FOOD, FACTS and FADS

Exploring the sense and nonsense of food and health


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Looking at Lessons from the Blue Zones

 

Check out this 28 minute video that tells us what the author of The Blue Zones found out from his experiences with the longest living people of the world. Some interesting lessons emerge (it’s not so much about food).

CLICK HERE.

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More Glyphosate News?

The news continues to warn about the extensive use of glyphosate. While its carcinogenicity still remains to be determined, there are other health concerns about its extensive use. There are so many questions and biases  about the production and use of the herbicide from both sides of the  issue. Have the research findings been suppressed by the industry? Have they have been altered by the corporations that produce it? That depends on which side one believes. It is extremely hard to find an unbiased opinion about an important topic regarding our food supply.

CLICK HERE.

For more news about Ben & Jerry ice cream, click HERE.


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The Obesity Epidemic: Nature or Nurture?

Fat shaming is found in many aspects of our culture. The obese are described as fat and lazy and looked upon with disdain by even some of the health professionals they seek out to solve many of their health care needs. Perhaps we need to examine the complexities of the interactions that may have contributed to this so-called obesity epidemic to gain a better understanding of what the obese population has to contend with.

In 1960, only 13.4 % of Americans were overweight or obese. By 1990, about 23% were obese, and today, only two decades later, almost 36% are obese. Obesity affects both men and women and all racial and ethnic groups. As far as we know, we still had the same genes and physiology during these decades; however, the food environment or culture had obviously changed.

“The interplay between genetics and lifestyle is often illustrated by the higher incidence of obesity in Pima Indians living in Arizona than in a genetically similar group of Pima Indians living in Mexico. When this genetic susceptibility is combined with an environment that fosters a sedentary lifestyle and consumption of a calorie dense diet, the outcome is the strikingly high incidence of obesity seen in this population. The Pima Indians of Mexico are farmers who work in the fields and consume the food they grow. On the other hand, the Arizona Pima eat the high-calorie, high-fat processed foods,  found in the Standard American Diet (SAD) and lead a more sedentary lifestyle. Both groups have  higher rates of obesity due to their genetic susceptibility; however, the average BMI or the Mexican Pima is significantly lower than that of their American counterparts.” Smolin and Grosvenor, Nutrition: Science and Applications, Third Edition.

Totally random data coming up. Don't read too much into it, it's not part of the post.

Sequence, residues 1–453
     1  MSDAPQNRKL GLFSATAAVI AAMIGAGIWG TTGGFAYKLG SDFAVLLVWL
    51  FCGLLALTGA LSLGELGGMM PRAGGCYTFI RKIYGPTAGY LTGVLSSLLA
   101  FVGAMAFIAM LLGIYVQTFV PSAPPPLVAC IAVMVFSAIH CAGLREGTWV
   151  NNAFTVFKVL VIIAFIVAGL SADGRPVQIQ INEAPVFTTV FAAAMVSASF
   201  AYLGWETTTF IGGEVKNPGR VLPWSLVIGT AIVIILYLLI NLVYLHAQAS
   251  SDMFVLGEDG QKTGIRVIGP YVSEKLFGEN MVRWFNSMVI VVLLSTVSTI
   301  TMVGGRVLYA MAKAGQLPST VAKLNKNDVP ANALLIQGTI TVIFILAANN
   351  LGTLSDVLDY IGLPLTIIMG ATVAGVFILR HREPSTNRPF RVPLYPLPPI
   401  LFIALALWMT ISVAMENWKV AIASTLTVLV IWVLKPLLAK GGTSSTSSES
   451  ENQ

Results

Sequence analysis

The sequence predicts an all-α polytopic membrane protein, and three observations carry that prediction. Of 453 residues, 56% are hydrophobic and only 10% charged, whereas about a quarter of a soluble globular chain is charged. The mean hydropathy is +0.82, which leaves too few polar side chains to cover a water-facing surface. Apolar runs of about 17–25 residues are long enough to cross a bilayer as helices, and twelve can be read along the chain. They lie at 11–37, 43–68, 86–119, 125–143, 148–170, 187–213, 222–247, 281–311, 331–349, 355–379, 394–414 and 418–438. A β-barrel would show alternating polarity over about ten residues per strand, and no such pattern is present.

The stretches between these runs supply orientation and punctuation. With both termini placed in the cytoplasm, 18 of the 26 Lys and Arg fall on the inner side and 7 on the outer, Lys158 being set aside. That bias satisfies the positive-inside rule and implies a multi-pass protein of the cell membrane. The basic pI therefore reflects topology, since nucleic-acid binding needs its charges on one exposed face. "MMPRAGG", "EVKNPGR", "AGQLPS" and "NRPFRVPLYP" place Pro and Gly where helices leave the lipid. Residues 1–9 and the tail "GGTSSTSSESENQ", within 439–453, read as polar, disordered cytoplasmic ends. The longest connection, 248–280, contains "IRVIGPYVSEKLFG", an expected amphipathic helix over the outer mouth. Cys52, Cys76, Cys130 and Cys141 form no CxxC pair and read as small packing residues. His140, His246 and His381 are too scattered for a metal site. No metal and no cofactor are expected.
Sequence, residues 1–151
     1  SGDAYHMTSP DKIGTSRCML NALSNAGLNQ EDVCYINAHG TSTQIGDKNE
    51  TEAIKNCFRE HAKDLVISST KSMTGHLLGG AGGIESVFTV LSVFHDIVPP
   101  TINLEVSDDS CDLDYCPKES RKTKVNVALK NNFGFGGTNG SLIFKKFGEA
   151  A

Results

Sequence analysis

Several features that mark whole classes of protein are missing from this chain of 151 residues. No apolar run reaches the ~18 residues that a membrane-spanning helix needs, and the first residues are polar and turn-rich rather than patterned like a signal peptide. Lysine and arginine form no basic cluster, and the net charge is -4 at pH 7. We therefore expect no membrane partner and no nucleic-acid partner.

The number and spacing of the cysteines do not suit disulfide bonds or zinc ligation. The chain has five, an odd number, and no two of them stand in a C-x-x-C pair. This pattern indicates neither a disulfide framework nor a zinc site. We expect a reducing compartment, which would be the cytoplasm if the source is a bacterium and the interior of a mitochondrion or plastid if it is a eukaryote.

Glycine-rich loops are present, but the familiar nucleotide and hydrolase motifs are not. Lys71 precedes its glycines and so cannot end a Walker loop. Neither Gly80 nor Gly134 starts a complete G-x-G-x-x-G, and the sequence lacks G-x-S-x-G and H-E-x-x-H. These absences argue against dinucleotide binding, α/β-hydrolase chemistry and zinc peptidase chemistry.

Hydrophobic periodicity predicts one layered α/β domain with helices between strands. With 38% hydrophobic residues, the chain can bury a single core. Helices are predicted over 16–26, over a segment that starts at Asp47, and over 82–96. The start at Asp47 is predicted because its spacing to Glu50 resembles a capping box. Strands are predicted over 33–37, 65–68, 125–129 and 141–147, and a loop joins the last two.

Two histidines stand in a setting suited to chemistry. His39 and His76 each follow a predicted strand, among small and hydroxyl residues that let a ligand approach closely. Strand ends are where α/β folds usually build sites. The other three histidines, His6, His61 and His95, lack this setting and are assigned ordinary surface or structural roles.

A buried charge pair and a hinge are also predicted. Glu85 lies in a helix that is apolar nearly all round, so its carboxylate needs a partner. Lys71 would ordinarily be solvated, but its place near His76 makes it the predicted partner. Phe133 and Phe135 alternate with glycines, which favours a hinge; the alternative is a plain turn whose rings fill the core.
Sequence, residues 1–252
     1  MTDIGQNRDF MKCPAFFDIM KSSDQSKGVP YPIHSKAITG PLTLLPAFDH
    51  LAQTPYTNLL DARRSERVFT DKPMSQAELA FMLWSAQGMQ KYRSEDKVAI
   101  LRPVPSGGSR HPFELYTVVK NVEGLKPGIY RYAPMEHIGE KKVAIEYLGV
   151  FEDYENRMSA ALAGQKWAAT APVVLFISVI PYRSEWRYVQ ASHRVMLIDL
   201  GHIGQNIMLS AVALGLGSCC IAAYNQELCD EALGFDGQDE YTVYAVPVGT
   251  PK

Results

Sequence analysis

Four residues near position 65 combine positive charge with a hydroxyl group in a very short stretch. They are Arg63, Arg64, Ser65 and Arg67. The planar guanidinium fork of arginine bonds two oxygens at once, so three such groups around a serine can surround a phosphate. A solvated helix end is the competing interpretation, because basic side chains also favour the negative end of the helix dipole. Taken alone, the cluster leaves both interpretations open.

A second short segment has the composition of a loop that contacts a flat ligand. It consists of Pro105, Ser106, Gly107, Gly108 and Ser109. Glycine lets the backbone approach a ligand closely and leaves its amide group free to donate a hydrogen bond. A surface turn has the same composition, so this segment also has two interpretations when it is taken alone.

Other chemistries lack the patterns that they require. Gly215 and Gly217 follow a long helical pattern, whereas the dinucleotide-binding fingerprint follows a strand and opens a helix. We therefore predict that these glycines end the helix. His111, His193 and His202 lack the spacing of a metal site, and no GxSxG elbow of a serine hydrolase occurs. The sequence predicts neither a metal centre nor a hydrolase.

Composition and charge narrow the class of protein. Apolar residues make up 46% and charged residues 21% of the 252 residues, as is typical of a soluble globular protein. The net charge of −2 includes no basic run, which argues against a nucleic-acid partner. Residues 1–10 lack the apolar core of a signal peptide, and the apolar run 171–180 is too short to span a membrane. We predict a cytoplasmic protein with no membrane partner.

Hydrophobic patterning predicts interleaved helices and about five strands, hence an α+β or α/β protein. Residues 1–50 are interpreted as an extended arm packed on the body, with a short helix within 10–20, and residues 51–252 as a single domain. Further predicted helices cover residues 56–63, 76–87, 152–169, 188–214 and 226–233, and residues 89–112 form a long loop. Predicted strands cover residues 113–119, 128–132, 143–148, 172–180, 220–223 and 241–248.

Check out my previous post HERE.

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Big Food in Brazil = SAD

Soon all the “healthy” traditional diets of the world will be replaced with ultra-processed “big food” loaded with sugar, fat, and salt. If we think that obesity and chronic disease rates are high now, just wait a few years. It is well known that as the so-called Western diet or Standard American diet (SAD) invades traditional cultures, heart disease rates and obesity increase. This appears to be happening in Brazil according to an article in the NYT. There is a link to the full article in Dr. Nestle’s post. It is a long read, but the bottom line is that the large food companies, like Coca Cola and Nestlé  (no relation to Dr. Marion Nestle) have found new markets and delivery systems in poorer countries. This quote says it all:

‘For some companies, that can mean specifically focusing on young people, as Ahmet Bozer, president of Coca-Cola International, described to investors in 2014. “Half the world’s population has not had a Coke in the last 30 days,” he said. “There’s 600 million teenagers who have not had a Coke in the last week. So the opportunity for that is huge.”

CLICK HERE.


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Chocolate for Breakfast?

If you read between the lines, you can easily see that there is a lot more to eating breakfast or any other meal than just the kind of foods we eat. It appears that some cultures have gotten it right,  e.g. it may be how we eat.  This often is exemplified in the French culture along with their low obesity and heart disease rates. It’s not just the chocolate sprinkles.

CLICK HERE.